“Lips,” Constance Congdon’s play about a female U.S. president feigning an extramarital lesbian affair to advance the gay rights agenda, is not an easy one to pin down. Though technically a comedy, it’s hard to imagine anyone finding it particularly funny. The far-fetched premise would seem to disqualify it from being a drama, though the tone is surprisingly serious. And for all the work’s political pretensions, it ultimately treats its potentially explosive subject as though it were fodder for a daytime soap. The most accurate statement one could make would be to call it a bad Caryl Churchill play — but better perhaps to leave off the categorizations and simply offer condolences to director Greg Leaming, whose fast-paced production couldn’t possibly be fast enough.
The trouble isn’t so much the play’s outlandish conceit, but Congdon’s hamfisted execution. In these post-Monica Lewinsky days, nothing can be ruled out in terms of Beltway behavior — though the playwright clearly doesn’t possess Ken Starr’s ability to dramatize the hitherto unthinkable with fanatical , not to say fetishistic, conviction.
Andy (Stephen Barker Turner), a government aide, negotiates a deal with Rachel (Robin Morse), who’s been serving prison time for a computer scam. In exchange for her early release, she agrees to serve as kind of sexual spy. Her mission entails not only keeping tabs on the leader of the free world, but eventually becoming the object of her homoerotic desire.
As it turns out, President Joni (Lizbeth Mackay) and Andy are in cahoots — they’ve cooked up this little scam to bring down once and for all the religious right (the details of this plot wisely are kept sketchy). Andy’s motivation is made somewhat more complex by the revelation that Rachel was once his lover and that the child she is fighting to regain custody of may be his.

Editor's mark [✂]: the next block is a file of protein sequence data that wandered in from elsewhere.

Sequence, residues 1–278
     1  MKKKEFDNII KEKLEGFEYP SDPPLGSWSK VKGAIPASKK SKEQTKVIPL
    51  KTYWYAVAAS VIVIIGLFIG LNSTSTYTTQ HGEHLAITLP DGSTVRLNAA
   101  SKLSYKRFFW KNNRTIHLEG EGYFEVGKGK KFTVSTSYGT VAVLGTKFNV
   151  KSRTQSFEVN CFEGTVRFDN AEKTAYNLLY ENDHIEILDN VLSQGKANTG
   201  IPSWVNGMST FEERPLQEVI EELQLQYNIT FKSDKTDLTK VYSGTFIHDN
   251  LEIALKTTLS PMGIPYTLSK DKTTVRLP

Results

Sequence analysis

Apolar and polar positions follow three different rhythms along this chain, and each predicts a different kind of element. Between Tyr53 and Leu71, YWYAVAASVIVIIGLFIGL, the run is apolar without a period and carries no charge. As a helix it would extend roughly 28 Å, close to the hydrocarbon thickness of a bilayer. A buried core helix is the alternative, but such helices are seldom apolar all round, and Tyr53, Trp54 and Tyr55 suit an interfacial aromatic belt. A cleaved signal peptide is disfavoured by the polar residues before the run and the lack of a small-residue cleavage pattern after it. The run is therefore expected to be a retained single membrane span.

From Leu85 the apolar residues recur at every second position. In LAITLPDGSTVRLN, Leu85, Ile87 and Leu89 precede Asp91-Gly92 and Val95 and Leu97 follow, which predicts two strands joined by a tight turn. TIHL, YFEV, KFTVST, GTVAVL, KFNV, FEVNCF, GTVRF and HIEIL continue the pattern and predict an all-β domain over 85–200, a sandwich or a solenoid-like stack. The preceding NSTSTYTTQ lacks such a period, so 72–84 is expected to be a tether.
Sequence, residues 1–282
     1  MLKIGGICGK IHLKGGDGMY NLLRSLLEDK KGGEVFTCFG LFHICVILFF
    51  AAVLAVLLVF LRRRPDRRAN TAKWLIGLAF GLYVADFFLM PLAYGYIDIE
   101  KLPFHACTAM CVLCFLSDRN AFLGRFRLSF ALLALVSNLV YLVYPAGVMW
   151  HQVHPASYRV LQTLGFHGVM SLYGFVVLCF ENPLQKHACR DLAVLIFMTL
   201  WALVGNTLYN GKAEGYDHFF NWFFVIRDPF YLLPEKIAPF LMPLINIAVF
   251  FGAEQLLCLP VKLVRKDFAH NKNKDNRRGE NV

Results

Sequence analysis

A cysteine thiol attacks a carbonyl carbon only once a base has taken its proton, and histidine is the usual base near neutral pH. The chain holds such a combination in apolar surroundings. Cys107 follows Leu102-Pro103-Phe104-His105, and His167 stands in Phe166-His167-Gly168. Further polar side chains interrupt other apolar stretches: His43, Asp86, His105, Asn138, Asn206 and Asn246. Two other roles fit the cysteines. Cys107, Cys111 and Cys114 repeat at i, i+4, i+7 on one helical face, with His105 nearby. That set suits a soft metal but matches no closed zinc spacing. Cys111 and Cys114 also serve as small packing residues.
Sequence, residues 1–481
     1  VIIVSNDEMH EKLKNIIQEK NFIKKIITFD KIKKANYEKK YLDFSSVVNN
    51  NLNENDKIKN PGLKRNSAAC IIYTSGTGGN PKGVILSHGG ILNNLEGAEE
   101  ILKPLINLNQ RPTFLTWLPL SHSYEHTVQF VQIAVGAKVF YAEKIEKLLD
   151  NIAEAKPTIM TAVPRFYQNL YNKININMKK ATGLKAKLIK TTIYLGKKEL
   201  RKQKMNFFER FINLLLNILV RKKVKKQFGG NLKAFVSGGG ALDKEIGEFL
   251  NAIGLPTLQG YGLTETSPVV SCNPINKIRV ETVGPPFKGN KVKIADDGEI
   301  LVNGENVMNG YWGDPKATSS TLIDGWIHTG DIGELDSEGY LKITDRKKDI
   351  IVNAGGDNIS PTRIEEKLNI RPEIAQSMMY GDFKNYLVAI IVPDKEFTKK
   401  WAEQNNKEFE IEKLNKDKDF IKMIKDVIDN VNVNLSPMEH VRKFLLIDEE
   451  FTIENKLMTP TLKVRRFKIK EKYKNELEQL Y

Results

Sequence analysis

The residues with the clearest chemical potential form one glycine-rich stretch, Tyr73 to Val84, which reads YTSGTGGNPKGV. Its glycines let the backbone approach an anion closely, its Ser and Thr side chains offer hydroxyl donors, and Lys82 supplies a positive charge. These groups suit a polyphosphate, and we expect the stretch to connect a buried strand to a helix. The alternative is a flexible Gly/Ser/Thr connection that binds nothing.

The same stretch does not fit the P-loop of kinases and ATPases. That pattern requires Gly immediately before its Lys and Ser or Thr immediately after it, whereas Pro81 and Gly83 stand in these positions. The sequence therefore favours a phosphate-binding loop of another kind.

If only the half-baked lesbian machinations were treated with the hilarious insouciance they deserve. Instead, Congdon feebly attempts to make the fantasy seem realistic. But she ignores the logistical challenges of White House assignations (how can you after the endless parsing of President Clinton’s secretary Betty Currie’s testimony?) and her characters remain at the mercy of an overly manipulative dramatic imagination.
Only when Rachel and Joni attempt to join in a mass baptismal ceremony at a conservative church does the action reach truly farcical heights. But that brief comic scene, in which the hand-holding lovers provoke a hurricane of controversy , is nearly lost in the increasingly gratuitous political shenanigans, which have about as much to do with the struggle for gay and lesbian rights as Andy’s boring paternity saga.
Leaming’s cast hurries things along without managing to flesh out their two-dimensional characters. Turner makes a rather wooden Andy — he’s a nice guy, but even his ulterior motives are superficial.
As Rachel, Morse never seems as alluringly street-smart as she’s supposed to be. Nor is it clear why everyone instantly falls in love with her. Mackay has the perfect presidential hairdo, though not even her stately appearance can redeem her ridiculous role.
It’s hard to fathom why Primary Stages elected to produce a script that seems better suited to one of the play-reading festivals taking place this spring. Then again, cramped upstairs on the theater’s tiny second stage, the production feels like an intensive workshop of an extremely premature comedy.